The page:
The American Museum of Natural History — which claims an 18-acre chunk of Upper West Side real estate spanning one long and four short blocks— comes among its parents New York’s governor in 1869, Teddy Roosevelt’s father and J. Pierpont Morgan, one of the richest men in the world at the time.
Best of all, after a short five-year stint in the East Side’s Central Park Arsenal, the Upper West Side claimed the jewel of history museums and has kept it—and grown it—ever since.
Let’s run through the “gee whiz” figures before taking a look at the Upper West Side museum’s jaw-dropping history and collections. Within the complex of 27 connected buildings, the museum boasts 32 million artifacts and scientific specimens in its 45 permanent exhibition halls. There is, of course, the world class Hayden Planetarium, a library, temporary exhibit halls and research facilities.
On the Screen
The hit Ben Stiller movie Night at the Museum premiered there (and started the Museum’s Night at the Museum Sleepovers!). But the real-life adventures spurred by the American Museum of Natural History are every bit as gripping as the film.
Out in the Field
Barely a decade after its founding, the Museum began sponsoring “Indiana Jones-like” expeditions all over the world. These would often reach unexplored regions; the South Pacific (with Margaret Mead), the Pacific Northwest, the Gobi Desert, the African Congo, Siberia and more. It surprises many to learn those expeditions are still going — more than 130 every year!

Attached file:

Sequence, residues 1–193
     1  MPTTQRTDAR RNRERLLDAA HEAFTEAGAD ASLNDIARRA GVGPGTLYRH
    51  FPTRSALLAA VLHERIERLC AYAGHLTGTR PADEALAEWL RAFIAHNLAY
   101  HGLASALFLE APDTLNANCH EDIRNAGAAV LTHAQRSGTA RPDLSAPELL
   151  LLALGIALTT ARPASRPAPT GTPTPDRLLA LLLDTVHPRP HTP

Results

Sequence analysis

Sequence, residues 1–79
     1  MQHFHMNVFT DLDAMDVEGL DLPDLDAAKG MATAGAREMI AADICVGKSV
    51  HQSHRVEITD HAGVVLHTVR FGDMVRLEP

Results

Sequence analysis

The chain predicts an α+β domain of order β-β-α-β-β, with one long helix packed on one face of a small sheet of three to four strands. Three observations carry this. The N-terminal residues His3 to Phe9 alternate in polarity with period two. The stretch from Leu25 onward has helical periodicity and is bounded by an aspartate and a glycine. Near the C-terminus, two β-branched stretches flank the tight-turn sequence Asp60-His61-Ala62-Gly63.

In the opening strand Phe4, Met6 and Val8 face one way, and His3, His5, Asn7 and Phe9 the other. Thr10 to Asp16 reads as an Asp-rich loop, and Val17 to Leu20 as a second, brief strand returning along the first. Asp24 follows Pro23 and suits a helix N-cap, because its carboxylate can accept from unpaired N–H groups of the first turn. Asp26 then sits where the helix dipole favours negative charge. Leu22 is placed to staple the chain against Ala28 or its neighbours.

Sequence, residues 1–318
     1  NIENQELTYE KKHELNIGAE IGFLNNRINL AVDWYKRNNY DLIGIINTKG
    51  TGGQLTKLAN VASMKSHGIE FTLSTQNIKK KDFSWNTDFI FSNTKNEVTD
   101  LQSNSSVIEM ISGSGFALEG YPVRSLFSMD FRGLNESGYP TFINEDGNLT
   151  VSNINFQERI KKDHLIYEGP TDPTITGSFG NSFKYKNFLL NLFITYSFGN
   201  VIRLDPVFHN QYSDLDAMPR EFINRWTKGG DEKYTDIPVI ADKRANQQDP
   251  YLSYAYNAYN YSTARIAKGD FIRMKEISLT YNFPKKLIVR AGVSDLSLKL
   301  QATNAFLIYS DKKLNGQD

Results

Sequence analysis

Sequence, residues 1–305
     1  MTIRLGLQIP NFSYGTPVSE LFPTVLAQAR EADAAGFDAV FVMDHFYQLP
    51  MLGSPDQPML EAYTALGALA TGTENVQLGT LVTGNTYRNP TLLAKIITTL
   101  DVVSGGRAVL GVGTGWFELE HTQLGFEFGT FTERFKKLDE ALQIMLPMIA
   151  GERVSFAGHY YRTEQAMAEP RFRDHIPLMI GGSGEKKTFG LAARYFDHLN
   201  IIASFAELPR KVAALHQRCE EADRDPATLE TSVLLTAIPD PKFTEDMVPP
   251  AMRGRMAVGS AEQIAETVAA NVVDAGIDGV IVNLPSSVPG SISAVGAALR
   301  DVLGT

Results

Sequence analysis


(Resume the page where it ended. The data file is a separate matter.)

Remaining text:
A walk around the Museum’s exterior is worth the time! You’ll see varying architecture from the classic façade on Central Park West to the luminescent Rose Center for Earth and Space on 81st. Or, to enjoy Theodore Roosevelt Park on the structure’s north side.
Inside the main entrance, the breathtaking Roosevelt Rotunda welcomes visitors with style. Named after the president, it features the tallest free-standing dinosaur exhibit in the world. But before you go, plan your visit by exploring the Museum’s excellent website. The interactive map spreads each of the Museum’s four floors out before you, with clickable icons to explain what is where.
A sure-fire hit with kids is the Milstein Hall of Ocean Life, complete with a life-size blue whale suspended from the ceiling; dinosaurs on the fourth floor; and the Akeley Hall of African Mammals, with a full herd of elephants, thank you very much.
I saved the Akeley Hall for last to talk about its namesake, Carl Akeley. He first offered to create the dioramas the AMNH is world famous for. Whatever you do on your visit, don’t miss these painstakingly accurate recreations of animals in their natural habits. Spread throughout the museum, you can learn about them (and see them).
Scratched the surface? Not hardly. You can spend days in the museum. But the one thing not to miss is going, whether you’re touring a visitor around, looking for a great escape with kids or just wanting one of those “New York” adventures.